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Short-term exposure to wildfire smoke linked to 440 deaths in Canada each year, over 33,000 deaths worldwide: study


TORONTO – An international team of researchers has calculated that short-term exposure to smoke from wildfires is attributable to approximately 440 deaths in Canada and more than 33,000 deaths worldwide each year.

The study, which was published earlier this month in The Lancet, looked at the association between wildfire pollution and deaths in 749 cities in 43 countries.

Between 2000 and 2016, researchers measured daily concentrations of PM2.5, which are tiny particles smaller than 2.5 microns and are the main pollutant in smoke from forest fires. These figures were compared to the daily number of deaths from cardiovascular, respiratory and all causes.

The researchers calculated that about 0.33 percent of all deaths in Canada were attributable to forest fires, which occurred within the first three days of exposure. Likewise, smoke from short-term wildfires was attributable to 0.33% of all cardiovascular deaths and 0.32% of respiratory deaths in the country.

In Canada, researchers also found that a 10 micrograms per square meter increase in PM2.5 content was associated with a 2.3% increase in the risk of respiratory mortality.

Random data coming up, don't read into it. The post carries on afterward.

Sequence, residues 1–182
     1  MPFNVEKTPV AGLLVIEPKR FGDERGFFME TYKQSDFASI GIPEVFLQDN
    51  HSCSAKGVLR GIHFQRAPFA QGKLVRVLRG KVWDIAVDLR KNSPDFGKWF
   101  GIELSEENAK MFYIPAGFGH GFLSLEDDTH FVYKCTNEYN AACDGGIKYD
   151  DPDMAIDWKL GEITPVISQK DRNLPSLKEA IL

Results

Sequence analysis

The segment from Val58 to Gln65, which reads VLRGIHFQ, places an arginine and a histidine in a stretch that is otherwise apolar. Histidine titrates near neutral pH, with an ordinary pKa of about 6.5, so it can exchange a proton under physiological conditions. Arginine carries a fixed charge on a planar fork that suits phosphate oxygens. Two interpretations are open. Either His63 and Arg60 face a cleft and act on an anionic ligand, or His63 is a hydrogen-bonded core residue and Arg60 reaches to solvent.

“We noticed that the effects were mainly higher for respiratory mortality, which was not surprising because we know that forest fires have an impact on the respiratory system,” said Eric Lavigne, professor at the Faculty of University of Ottawa medicine and one of the study’s authors, to CTVNews.ca in a telephone interview on Sunday.

The highest forest fire mortality rates were seen in Central America and Southeast Asia, where the percentages of forest fire smoke deaths exceeded 1.6%.

The cities of Saskatoon and Regina had some of the highest daily concentrations of PM2.5, the researchers also found.

Lavigne says this could be due to smoke from British Columbia’s wildfires blowing eastward toward Saskatchewan.

“I would say climatological or environmental factors may be at play, but in this study we can’t say why,” Lavigne said.

For months, British Columbia has struggled with runaway heat and drought-fueled forest fires that have destroyed cities and caused widespread evacuations. As of Monday, more than 860,000 hectares have burned in British Columbia and 1,594 forest fires have been recorded this year.

One limitation of the study is that it only looked at deaths from short-term exposure to smoke from wildfires, Lavigne noted.

“There is still some uncertainty with people who are repeatedly exposed each year, whether it increases their risk of dying from these causes from a long-term perspective. This is a limitation that we need to keep in mind when doing this. interpretation of the results, “he said.

Nonetheless, the authors say the data underscores the need for policymakers to tackle smoke from forest fires from a public health perspective.

“Policy makers and public health professionals should raise awareness about pollution from forest fires to guide rapid public responses and take action to reduce exposure,” the authors wrote.

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